greensrgb

photo by Rachel Turiel

When I imagine ancient vegetable options, I picture rough, hard-working hands piling leaves into willow baskets. Perhaps it’s that I’ve never, on any hike, seen anything resembling a voluptuous tomato, nor an eggplant, dangling purple and pickable. No, what I see are leaves, legions of them. Maybe it’s no wonder that leafy greens are chock-full of the vital nutrients humans need to thrive.

     With a fall frost lurking, and the long, dormant winter months ahead, now is the time to amass your fortune of nutrition. Consider preserving chard, spinach, kale, beet greens, turnip greens, bok choi and broccoli leaves. It requires only steaming, blending and freezing, for which you’ll be rewarded with multitudes of vitamins and minerals all winter. Additionally, the leafy bits come out so small, so unthreatening (thinking here of children, and some husbands) that the thawed product blends seamlessly and indistinguishably into soups, omelets, casseroles, lasagna, pasta sauce, dips, smoothies and more.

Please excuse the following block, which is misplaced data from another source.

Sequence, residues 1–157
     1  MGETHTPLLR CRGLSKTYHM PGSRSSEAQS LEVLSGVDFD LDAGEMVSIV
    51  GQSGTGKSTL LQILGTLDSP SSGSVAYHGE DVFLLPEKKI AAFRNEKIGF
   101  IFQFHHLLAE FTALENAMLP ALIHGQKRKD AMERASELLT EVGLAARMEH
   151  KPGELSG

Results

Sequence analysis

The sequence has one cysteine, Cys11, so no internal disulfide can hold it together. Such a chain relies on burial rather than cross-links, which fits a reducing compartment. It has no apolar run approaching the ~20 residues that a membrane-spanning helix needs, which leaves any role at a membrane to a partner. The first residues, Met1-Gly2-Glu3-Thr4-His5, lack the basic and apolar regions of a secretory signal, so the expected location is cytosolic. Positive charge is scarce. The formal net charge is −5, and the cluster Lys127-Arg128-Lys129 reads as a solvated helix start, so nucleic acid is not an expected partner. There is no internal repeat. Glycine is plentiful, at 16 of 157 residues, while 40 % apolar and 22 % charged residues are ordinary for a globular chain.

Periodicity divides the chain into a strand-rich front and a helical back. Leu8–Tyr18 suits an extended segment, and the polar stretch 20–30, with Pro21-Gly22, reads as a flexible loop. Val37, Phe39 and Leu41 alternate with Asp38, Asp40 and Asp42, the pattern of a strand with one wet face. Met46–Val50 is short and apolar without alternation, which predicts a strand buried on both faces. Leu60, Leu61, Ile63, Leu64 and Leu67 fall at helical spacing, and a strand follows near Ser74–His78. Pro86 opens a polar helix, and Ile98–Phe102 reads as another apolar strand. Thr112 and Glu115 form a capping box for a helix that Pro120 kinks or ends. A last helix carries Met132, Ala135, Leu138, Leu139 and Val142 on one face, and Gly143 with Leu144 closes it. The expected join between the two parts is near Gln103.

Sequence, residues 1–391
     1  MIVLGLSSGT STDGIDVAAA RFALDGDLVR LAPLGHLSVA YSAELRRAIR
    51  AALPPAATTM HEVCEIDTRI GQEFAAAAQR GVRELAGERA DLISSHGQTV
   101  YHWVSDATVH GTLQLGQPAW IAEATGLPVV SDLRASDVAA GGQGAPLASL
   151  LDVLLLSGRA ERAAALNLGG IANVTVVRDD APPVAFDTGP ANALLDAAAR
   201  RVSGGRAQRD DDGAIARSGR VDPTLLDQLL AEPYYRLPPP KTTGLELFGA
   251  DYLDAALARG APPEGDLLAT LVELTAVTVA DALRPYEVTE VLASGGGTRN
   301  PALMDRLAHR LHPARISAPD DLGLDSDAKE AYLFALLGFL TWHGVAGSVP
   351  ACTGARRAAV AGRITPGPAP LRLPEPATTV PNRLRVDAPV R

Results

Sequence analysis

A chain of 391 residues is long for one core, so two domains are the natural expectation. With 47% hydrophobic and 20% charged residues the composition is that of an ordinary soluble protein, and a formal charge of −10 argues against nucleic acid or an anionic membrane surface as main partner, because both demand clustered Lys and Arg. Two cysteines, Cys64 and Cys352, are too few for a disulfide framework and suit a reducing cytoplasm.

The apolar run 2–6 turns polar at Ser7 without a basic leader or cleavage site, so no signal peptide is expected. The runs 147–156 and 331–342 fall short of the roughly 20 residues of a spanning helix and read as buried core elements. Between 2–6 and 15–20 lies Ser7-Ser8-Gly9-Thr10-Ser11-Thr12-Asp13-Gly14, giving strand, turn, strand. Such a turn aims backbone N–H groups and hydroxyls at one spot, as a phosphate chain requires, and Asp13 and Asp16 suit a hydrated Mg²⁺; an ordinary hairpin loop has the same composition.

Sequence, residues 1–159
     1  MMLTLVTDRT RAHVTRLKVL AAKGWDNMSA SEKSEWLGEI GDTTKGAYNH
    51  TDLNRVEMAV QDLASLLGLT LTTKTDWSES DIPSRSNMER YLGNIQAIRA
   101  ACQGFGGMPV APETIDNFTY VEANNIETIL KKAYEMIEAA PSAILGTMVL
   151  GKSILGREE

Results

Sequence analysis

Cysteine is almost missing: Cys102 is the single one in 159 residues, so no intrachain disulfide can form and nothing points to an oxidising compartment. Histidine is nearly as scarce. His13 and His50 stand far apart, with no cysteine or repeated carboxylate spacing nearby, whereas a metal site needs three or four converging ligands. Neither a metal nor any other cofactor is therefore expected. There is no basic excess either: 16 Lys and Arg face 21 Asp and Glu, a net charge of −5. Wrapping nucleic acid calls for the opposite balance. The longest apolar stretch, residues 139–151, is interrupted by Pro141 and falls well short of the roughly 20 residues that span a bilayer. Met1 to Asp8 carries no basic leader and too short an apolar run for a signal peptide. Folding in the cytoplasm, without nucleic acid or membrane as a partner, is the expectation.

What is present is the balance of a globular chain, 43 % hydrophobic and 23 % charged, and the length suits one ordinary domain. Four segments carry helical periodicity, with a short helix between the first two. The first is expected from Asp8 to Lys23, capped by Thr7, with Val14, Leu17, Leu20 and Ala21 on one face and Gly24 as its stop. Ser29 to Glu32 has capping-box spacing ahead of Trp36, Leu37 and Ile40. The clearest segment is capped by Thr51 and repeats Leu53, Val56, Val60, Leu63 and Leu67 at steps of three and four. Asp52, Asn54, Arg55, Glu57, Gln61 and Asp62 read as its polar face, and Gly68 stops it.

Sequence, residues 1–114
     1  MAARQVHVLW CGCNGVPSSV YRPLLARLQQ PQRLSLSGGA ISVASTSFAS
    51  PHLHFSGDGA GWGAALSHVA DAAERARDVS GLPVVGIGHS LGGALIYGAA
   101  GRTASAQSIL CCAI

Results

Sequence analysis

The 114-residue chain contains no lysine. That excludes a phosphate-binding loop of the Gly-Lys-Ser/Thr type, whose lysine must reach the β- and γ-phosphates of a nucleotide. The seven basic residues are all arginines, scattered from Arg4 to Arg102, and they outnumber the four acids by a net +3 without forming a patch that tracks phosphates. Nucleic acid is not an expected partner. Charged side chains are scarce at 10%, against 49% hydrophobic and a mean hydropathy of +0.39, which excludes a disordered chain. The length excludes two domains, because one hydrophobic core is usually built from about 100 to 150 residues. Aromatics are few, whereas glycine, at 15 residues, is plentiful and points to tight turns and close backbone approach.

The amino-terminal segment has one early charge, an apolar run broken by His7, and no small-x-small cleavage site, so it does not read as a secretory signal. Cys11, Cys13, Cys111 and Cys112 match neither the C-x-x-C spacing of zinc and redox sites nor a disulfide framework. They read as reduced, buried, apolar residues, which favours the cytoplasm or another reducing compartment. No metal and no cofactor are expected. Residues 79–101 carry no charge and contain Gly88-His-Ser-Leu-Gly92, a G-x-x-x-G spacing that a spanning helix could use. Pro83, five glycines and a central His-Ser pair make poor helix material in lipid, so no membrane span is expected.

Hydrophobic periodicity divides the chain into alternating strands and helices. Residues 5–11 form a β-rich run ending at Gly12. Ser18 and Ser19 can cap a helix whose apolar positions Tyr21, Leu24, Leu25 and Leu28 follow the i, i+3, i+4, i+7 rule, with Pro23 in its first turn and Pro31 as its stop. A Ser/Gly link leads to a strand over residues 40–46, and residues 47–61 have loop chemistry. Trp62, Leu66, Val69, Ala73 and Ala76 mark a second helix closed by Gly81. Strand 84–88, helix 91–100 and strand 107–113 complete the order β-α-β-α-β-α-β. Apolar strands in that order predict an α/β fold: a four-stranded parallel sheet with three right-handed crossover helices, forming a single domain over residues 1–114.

This is not the sexiest food you will preserve. In fact, you may feel a little like Popeye’s mother, hunched over the blender with your heels and cigarette. It also feels like something Mrs. Piggle Wiggle might engineer for veggie-phobic kids: a cure in the sense of a delivery system of vital nutrients to children. But, really, it’s not just for children. We could all use a wallop of vitamin A, vitamin C, folate, calcium, beta-carotene, iron, potassium, antioxidants, and lutein in our meals.

Directions

Wash greens. Steam until just wilted. Let cool a few minutes. Blend briefly in food processor or blender. If you blend too long, the greens turn to mush. Freeze in small portions. Ice cube trays work well. Transfer frozen portions to labeled freezer bags. Or pack into 4 – 8 oz jars (leave 1 inch headroom and add lids after freezing). To use, thaw on kitchen counter and toss into your favorite meal.